Today’s travelers are no doubt aware of all the gadgets and apps available to make traveling easier (or as it is known today, smarter). However, despite becoming smarter by the day, there are aspects of traveling that still make it stressful. One of them is “Where?”
Picking a place to go involves more forethought today than ever before. Travel no longer means flocking to major European cities for a thorough sightseeing. It’s not just that ease of traveling has made more places available to everyday travelers, but travelers now want more than just fun — we want experiences. We seek out lesser-known places to visit and the hidden gems in the already well-known parts of the world; it is as if, as a culture, we have become increasingly more averse to the all-inclusive-resort experience and inclined toward the niche, the authentic.
Even though you can get from point A to point B anywhere on the map faster and smarter than ever before, the sheer number of places to visit seems to have increased drastically; the whole world is our amusement park and we have a happy, though sometimes daunting, problem of choosing which ride to go on. This inevitably expands the question of Where to incorporate the questions of With Whom, How, and Why.
An anecdote: I was in Paris a few years ago. I was by myself and on a budget, but I was armed with the determination to make the most of this precious time and the affable will to walk around endlessly. I skipped the Versailles and the museums and got on board with a small group of people on a walking tour of the Montmartre in the 18th arrondissement. There I did what any sensible person would or cannot help but do in Paris: I daydreamed and was in giddy awe at the idea that I stood at the spot where Van Gogh and Picasso once stood and looked out toward the glitter near the Seine. At the end of the walking tour, my group went together to a small café to have a few drinks, chat, and unwind.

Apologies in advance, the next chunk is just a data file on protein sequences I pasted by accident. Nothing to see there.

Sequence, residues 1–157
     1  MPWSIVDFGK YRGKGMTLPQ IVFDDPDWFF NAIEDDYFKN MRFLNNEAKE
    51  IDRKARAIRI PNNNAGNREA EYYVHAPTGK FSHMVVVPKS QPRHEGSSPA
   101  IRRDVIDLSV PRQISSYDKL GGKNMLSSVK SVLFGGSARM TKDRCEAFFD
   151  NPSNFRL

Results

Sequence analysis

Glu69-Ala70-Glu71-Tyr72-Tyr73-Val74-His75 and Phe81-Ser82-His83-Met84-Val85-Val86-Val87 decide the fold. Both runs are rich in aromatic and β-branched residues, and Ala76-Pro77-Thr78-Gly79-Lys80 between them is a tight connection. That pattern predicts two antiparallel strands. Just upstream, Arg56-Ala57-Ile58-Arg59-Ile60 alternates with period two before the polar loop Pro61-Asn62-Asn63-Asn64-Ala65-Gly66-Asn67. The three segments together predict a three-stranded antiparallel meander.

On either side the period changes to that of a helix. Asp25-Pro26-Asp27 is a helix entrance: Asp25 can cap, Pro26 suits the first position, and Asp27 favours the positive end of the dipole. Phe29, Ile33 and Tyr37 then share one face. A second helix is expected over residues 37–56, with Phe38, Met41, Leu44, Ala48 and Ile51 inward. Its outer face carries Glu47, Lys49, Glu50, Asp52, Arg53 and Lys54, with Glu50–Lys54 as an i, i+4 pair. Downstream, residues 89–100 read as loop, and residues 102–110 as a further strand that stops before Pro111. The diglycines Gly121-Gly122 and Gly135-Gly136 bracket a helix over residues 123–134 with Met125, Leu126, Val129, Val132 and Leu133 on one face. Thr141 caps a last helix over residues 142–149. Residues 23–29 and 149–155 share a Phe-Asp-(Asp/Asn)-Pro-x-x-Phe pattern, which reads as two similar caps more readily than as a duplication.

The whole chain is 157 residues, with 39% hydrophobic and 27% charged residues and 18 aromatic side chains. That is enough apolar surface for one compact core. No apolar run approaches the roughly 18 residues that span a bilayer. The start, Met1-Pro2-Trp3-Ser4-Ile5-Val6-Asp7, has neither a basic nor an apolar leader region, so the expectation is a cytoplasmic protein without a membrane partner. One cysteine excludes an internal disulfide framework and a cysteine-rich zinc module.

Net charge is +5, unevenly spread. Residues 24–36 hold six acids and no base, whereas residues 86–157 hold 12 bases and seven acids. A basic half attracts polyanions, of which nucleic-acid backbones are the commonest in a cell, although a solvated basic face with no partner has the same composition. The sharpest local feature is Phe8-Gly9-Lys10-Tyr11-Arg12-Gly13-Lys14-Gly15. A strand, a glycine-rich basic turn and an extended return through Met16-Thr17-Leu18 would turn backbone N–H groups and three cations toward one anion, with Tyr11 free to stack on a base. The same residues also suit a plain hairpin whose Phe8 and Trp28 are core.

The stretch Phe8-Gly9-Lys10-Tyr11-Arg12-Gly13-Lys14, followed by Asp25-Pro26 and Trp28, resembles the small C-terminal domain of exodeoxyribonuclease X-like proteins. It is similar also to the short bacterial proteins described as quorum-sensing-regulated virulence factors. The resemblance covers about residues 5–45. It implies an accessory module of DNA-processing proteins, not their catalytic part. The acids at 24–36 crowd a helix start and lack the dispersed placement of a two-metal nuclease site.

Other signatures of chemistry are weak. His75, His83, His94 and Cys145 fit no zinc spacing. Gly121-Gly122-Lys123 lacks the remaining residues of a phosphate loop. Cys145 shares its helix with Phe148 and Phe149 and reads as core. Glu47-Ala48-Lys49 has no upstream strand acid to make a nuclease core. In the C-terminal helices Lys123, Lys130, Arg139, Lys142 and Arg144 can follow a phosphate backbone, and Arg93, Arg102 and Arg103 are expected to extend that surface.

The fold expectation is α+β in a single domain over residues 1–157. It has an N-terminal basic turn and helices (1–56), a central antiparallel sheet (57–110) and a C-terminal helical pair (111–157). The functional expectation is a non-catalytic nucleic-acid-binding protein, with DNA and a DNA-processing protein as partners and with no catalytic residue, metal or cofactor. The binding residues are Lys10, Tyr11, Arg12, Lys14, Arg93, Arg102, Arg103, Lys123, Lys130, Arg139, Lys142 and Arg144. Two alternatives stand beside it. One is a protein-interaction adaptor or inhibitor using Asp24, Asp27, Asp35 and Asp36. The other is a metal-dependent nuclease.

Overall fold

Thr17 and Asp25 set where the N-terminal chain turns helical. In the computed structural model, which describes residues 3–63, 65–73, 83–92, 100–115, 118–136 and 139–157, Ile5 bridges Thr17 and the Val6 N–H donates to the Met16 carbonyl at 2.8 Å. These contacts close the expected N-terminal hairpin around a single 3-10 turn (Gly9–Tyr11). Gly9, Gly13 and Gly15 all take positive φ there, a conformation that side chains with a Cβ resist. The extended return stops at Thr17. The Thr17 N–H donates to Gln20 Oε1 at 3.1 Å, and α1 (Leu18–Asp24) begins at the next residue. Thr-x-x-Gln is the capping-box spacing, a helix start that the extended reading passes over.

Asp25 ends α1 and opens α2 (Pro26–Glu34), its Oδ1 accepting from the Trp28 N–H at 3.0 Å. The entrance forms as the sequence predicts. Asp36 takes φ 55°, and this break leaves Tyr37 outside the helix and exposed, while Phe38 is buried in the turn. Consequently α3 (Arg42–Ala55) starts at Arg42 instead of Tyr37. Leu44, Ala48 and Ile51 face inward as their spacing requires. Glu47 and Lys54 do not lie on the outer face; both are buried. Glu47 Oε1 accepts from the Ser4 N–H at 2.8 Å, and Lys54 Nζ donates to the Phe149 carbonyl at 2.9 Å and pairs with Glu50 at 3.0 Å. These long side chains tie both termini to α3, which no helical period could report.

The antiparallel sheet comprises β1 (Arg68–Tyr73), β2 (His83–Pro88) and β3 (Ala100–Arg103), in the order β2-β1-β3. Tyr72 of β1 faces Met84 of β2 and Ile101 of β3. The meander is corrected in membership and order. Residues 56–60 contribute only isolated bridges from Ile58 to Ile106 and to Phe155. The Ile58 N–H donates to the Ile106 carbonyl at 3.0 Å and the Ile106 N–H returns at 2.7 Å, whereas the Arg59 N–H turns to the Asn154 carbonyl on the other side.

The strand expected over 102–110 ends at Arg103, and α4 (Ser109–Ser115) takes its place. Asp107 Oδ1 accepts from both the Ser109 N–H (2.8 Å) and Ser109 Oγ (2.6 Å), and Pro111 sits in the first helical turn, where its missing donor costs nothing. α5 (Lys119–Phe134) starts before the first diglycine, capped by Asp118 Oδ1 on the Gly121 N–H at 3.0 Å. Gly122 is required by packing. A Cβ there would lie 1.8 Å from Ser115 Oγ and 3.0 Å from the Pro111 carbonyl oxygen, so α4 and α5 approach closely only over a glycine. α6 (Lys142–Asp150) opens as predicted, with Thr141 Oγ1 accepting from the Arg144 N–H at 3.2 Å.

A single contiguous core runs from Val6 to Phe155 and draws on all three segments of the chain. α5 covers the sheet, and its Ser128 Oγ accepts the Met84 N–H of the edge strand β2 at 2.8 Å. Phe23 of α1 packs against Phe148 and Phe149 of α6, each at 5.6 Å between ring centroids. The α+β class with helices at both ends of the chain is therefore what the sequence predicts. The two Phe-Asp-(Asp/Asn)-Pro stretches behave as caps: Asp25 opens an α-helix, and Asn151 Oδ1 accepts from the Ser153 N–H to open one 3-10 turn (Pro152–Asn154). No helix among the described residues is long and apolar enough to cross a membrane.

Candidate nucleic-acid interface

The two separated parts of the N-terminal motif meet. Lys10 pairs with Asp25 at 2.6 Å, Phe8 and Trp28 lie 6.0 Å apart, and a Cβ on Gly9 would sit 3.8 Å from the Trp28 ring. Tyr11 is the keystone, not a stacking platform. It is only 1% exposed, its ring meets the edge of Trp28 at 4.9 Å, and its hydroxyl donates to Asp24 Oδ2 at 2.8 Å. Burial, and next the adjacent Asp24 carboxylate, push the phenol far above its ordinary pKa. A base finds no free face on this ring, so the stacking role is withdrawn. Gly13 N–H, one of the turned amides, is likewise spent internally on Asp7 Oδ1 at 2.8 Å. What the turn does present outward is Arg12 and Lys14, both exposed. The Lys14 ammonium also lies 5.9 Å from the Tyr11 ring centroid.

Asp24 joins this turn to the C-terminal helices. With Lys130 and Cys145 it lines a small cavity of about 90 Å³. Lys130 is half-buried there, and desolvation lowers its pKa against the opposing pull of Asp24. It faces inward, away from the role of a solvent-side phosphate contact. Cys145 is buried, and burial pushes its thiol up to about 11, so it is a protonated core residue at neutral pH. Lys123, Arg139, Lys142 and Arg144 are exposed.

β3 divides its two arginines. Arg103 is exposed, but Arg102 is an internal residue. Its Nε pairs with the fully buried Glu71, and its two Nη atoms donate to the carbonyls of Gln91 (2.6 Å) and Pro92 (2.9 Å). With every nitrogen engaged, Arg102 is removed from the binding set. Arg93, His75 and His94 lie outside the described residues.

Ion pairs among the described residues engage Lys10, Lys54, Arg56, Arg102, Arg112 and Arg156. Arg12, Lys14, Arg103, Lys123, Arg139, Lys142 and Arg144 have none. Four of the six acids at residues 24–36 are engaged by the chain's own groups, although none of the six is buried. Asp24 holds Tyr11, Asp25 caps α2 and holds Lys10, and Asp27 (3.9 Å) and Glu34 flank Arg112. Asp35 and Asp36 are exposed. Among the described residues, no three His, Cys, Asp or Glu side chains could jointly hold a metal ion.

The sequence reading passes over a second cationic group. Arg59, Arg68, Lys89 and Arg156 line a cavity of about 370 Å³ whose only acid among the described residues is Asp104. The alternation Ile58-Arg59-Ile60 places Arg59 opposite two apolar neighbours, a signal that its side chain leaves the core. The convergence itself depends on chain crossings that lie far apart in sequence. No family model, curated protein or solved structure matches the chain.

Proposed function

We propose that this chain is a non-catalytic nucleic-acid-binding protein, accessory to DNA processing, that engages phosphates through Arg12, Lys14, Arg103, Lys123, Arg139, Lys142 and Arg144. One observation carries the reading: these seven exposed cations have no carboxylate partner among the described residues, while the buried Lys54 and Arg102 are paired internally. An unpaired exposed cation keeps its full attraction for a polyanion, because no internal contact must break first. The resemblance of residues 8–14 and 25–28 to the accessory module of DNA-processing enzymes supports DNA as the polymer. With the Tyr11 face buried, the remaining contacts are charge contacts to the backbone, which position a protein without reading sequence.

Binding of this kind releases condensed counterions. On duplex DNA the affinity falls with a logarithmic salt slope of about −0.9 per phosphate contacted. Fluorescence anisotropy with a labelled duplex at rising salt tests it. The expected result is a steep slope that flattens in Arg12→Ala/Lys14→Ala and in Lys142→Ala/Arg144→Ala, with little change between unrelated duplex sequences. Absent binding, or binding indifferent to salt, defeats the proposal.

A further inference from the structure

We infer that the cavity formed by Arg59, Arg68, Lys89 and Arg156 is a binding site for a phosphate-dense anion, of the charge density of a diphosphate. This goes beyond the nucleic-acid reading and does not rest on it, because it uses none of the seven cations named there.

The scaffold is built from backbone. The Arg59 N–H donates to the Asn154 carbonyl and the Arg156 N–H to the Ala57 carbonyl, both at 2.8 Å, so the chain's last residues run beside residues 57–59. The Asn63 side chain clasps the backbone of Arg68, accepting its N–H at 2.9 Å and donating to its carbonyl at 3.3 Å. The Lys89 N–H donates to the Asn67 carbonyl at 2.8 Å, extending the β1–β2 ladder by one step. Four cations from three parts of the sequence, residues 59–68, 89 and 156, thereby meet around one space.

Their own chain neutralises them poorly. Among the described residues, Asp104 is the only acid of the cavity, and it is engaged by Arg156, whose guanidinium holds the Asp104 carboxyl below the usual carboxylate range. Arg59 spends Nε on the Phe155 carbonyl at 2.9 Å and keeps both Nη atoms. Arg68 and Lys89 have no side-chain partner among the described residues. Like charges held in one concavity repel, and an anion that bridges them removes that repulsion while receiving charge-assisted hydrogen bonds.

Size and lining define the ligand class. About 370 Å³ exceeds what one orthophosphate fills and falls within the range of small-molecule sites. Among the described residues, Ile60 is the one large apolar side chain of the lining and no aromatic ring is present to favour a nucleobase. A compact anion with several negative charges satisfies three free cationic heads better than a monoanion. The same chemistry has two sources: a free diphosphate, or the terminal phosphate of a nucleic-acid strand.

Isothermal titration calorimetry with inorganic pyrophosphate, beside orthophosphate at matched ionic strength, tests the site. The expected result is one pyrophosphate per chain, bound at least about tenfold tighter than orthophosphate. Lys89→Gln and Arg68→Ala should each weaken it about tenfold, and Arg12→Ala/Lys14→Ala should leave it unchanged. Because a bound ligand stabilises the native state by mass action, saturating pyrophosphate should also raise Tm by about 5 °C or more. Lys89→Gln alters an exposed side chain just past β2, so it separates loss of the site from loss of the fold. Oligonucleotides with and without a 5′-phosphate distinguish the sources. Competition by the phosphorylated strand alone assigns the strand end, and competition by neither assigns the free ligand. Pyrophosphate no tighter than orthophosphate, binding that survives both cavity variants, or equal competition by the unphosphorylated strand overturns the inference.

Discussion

Montmartre is certainly neither a lesser-known spot nor a hidden gem; by any definition, it is a tourist destination. However, the walking tour left an indelible mark on the way I see and think of Paris. The day after the walking tour, I retraced my group’s steps up to Montmartre to revisit the artists’ apartments and their favorite cafes. Perhaps it was because I have always admired Van Gogh and Picasso or, perhaps, it was something in the water —I did a few drawings on the spot, had a cup of tea, but mostly I daydreamed most indulgently.
I do not think it is an entirely false conclusion to say that the question of Where is ultimately secondary. What does it matter to have been in the crowd in Times Square on New Year’s Eve or on the Coast Mountains in British Columbia, if both the LED signs and the Pacific sunset fail to move you indelibly? Best travel destinations allow one to transcend her immediate surroundings.
A Few Good Tips:
Walking tours can be arranged online days beforehand, but we suggest arriving at your destination first. See it on your own first. How else will you know which area you’d like to explore further? Grab a hotel map, bug the receptionist, and walk confidently in the direction that seems the most adventurous.
If walking is not your forte, and you happen to have only a pair of brogues available, catch a cab or request an Uber or Uber alternatives. Blablacar and Hailo offer similar services and are used widely in Europe and Asia; just make sure you check the details before departure.
For food options, Yelp and Tripadvisor are both great but invest time reading up on travel articles. They won’t be as personal as customer reviews, but they will have more insights as to where to go, when, and what to eat once you get there.
Finally, pack a book. Preferably one to parallel your own travels. Maybe one by Paul Theroux or S. J. Perelman. Or if you are going to the Amazon, In Trouble Again by Redmond O’Hanlon. You never know when you are going to need the help of fine prose or poems.
The Ana Banana Team.